7. ^ Winnipeg, 1967 (in Portuguese), São Paulo, Brazil: Universo Online, retrieved November 1, 2011.
  8. ^ Cali, 1971 (in Portuguese), São Paulo, Brazil: Universo Online, retrieved November 1, 2011.
  9. ^ Mexico City, 1975 (in Portuguese), São Paulo, Brazil: Universo Online, retrieved November 1, 2011.
  10. ^ San Juan, 1979 (in Portuguese), São Paulo, Brazil: Universo Online, retrieved November 1, 2011.
  11. ^ Caracas, 1983 (in Portuguese), São Paulo, Brazil: Universo Online, retrieved November 1, 2011.
  12. ^ Indianapolis, 1987 (in Portuguese), São Paulo, Brazil: Universo Online, retrieved November 1, 2011.
  13. ^ Havana, 1991 (in Portuguese), São Paulo, Brazil: Universo Online, retrieved November 1, 2011.
  14. ^ Mar del Plata, 1995 (in Portuguese), São Paulo, Brazil: Universo Online, retrieved November 1, 2011.
  15. ^ Winnipeg, 1999 (in Portuguese), São Paulo, Brazil: Universo Online, retrieved November 1, 2011.
  16. ^ Santo Domingo, 2003 (in Portuguese), São Paulo, Brazil: Universo Online, retrieved November 1, 2011.
  17. ^ Official Results of the XV Pan American Games (PDF), Rio de Janeiro, Brazil: Rio de Janeiro 2007 Organizing Committee, archived from the original (PDF) on July 4, 2012, retrieved November 9, 2009.
  18. ^ Guadalajara, 2011 (in Portuguese), São Paulo, Brazil: Universo Online, retrieved November 1, 2011.
  19. ^ Toronto, 2015, archived from the original on July 13, 2015, retrieved July 27, 2015
  20. ^ Lima, 2019, retrieved August 23, 2019
  21. ^ Chicago - 1959 (in Portuguese), São Paulo, Brazil: Folha de S.Paulo, retrieved November 1, 2011.
  22. ^ a b c d e f g h i Pan Ams Timeline (in Portuguese), São Paulo, Brazil: R7.com, retrieved November 1, 2011.
  23. ^ São Paulo - 1963 (in Portuguese), São Paulo, Brazil: Folha de S.Paulo, retrieved November 1, 2011.
  24. ^ Winnipeg - 1967 (in Portuguese), São Paulo, Brazil: Folha de S.Paulo, retrieved November 1, 2011.
  25. ^ Cali - 1971 (in Portuguese), São Paulo, Brazil: Folha de S.Paulo, retrieved November 1, 2011.
  26. ^ Mexico City - 1975 (in Portuguese), São Paulo, Brazil: Folha de S.Paulo, retrieved November 1, 2011.
  27. ^ San Juan - 1979 (in Portuguese), São Paulo, Brazil: Folha de S.Paulo, retrieved November 1, 2011.
  28. ^ Caracas - 1983 (in Portuguese), São Paulo, Brazil: Folha de S.Paulo, retrieved November 1, 2011.
  29. ^ Indianapolis - 1987 (in Portuguese), São Paulo, Brazil: Folha de S.Paulo, retrieved November 1, 2011.
  30. ^ Las Leñas, 1990 (in Portuguese), São Paulo, Brazil: Universo Online, retrieved November 1, 2011.
  31. ^ "Field hockey captain Scott Tupper named Canada's Pan Am flag-bearer". Toronto Star. The Canadian Press. 23 July 2019.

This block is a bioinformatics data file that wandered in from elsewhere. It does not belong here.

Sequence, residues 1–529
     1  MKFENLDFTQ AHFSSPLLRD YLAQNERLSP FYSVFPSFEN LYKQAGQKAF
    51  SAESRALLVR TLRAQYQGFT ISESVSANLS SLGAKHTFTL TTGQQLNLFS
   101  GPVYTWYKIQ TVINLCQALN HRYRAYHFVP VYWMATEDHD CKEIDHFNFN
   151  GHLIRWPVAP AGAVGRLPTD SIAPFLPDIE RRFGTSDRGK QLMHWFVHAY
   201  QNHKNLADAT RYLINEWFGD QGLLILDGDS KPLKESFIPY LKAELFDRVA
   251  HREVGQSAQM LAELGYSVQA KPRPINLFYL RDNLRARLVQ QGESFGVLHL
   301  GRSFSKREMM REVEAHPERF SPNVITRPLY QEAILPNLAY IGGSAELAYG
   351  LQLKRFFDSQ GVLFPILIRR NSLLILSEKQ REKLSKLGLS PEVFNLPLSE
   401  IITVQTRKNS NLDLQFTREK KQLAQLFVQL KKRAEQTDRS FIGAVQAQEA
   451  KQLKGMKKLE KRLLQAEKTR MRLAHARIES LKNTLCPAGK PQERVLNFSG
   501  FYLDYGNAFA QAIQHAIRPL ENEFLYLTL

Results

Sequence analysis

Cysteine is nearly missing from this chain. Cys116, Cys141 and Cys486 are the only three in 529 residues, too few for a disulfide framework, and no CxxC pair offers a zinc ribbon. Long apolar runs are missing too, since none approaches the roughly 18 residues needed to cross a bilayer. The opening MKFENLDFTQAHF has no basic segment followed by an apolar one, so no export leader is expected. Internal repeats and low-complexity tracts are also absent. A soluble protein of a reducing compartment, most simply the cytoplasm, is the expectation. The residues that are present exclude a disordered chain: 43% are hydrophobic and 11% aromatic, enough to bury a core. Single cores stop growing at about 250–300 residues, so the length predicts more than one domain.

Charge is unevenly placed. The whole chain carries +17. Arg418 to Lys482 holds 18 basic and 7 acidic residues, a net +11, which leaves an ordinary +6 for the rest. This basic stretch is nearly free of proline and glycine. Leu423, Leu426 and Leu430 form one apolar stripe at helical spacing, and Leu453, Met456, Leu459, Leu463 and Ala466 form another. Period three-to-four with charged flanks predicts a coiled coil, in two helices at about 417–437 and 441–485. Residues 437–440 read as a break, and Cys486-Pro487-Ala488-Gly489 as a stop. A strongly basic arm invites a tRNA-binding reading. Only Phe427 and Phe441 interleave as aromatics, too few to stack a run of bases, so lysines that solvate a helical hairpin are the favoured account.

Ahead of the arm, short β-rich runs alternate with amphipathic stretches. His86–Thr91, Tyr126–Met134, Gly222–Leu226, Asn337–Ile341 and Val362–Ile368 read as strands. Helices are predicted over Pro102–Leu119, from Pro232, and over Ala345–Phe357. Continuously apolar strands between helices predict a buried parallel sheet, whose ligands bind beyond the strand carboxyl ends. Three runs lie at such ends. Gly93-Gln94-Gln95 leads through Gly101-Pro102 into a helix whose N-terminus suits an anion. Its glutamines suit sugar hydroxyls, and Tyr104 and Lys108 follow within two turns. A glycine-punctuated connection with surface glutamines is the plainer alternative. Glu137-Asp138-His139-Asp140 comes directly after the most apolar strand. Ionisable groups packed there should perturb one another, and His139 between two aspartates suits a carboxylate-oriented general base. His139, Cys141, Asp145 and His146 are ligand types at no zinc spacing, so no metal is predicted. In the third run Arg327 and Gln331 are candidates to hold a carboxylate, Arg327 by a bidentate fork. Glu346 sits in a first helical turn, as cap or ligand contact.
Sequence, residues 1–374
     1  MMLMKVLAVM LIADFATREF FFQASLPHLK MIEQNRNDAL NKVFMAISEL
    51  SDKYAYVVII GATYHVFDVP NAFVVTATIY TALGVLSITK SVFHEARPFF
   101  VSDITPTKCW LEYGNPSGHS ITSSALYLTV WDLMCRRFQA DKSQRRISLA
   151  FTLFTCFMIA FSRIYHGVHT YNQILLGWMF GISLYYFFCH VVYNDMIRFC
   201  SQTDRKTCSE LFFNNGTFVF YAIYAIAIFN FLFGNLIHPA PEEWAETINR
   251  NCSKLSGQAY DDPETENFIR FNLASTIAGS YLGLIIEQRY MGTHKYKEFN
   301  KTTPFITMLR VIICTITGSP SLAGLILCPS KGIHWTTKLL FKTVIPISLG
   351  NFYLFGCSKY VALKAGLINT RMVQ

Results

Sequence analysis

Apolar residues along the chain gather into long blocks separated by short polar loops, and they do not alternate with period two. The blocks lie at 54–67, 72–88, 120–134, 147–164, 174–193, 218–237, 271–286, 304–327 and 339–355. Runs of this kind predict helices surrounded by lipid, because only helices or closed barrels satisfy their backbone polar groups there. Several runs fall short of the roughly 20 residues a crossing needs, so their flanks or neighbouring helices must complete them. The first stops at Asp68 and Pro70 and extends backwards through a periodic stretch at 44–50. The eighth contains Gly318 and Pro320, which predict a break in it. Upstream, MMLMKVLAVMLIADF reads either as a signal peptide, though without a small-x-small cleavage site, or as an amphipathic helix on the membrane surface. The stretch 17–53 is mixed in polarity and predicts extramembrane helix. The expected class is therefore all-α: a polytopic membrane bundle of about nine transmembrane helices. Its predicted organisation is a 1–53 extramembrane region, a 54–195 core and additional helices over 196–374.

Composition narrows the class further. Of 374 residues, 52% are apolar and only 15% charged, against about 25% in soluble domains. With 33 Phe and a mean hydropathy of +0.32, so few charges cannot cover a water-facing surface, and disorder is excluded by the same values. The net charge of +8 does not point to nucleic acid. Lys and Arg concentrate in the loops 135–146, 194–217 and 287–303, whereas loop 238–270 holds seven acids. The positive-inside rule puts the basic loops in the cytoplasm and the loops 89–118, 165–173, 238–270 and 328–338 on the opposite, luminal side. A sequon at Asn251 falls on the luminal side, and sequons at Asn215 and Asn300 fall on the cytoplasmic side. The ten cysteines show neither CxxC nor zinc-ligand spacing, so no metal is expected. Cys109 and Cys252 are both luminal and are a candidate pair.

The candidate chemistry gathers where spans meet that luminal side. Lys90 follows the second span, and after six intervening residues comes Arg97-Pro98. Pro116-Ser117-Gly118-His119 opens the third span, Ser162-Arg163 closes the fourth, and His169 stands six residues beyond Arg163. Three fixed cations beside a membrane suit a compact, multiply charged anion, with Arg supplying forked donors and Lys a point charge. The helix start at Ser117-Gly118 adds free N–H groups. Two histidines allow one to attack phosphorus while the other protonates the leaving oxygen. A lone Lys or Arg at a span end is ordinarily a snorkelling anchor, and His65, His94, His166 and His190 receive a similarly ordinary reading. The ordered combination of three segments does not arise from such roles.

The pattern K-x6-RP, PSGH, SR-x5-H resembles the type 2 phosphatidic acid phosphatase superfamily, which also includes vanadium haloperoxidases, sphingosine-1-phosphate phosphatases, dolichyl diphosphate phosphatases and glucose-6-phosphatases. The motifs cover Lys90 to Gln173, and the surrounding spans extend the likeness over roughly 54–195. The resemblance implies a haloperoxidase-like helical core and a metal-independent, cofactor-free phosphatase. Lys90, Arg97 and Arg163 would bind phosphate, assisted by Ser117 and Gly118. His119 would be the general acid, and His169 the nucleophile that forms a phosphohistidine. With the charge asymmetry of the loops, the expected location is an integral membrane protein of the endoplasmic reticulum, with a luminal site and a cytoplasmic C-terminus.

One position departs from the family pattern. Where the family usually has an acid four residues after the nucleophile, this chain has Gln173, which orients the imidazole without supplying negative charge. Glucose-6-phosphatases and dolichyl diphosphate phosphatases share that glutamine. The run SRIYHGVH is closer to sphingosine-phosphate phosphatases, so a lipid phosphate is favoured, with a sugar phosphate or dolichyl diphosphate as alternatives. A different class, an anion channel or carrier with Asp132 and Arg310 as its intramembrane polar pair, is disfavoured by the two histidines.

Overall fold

32. ^ "Scott Tupper tapped as Team Canada's Lima 2019 Opening Ceremony flag bearer" (Press release). Toronto, Ontario, Canada: Canadian Olympic Committee. 23 July 2019. Retrieved 25 July 2019.
  33. ^ Hossain, Asif (1 July 2015). "Mark Oldershaw to lead Team Canada at TO2015 as flag bearer". www.olympic.ca/. Canadian Olympic Committee. Retrieved 1 July 2015.
  34. ^ "Christine Sinclair named Pan Am Games flag bearer". CTV News. Toronto, Ontario, Canada. 4 October 2011. Retrieved 16 July 2020.
  35. ^ a b c d Christie, James (21 June 2007). "Nattrass to lead Canadian Pan Am team". The Globe and Mail. Toronto, Ontario, Canada. Retrieved 16 July 2020.
  36. ^ "Estamos Listos – Canada is Ready for the 2003 Pan American Games". www.olympic.ca/. Canadian Olympic Committee. 23 July 2003. Retrieved 16 July 2020. Who will be Canada’s flag bearer for the XIX Pan American Games? A three-time Pan American Team athlete, a six-time world champion, 11-time world record holder, and volunteer with “In the Wakes,” a program that helps underprivileged children reach their dreams. Jaret Llewellyn from water skiing will proudly lead his team into the stadium for the opening ceremonies on August 1.
  37. ^ Morris, Jim (24 July 2020). "Pan American Games open in Winnipeg". Canadian Press. Toronto, Ontario, Canada. Archived from the original on 3 March 2000. Retrieved 15 July 2020.
  38. ^ "Opening a fiestra at Snafu Games". The Vancouver Sun. Vancouver, British Columbia, Canada. 15 August 1983. Retrieved 16 July 2020.
  39. ^ "Sylvia Sweeney". www.olympic.ca/. Canadian Olympic Committee. Retrieved 16 July 2020. Won a bronze medal at the 1979 Pan American Games where was the Canadian team flag bearer
  40. ^ Levett, Bruce (31 July 1971). "New faces representing Canada in Pan-Am games". Red Deer Advocate. Red Deer Alberta, Canada. Retrieved 16 July 2020.
  41. ^ "Rainstorm Mars Games' Opener". Calgary Herald. Calgary Alberta, Canada. 24 July 1967. Retrieved 16 July 2020.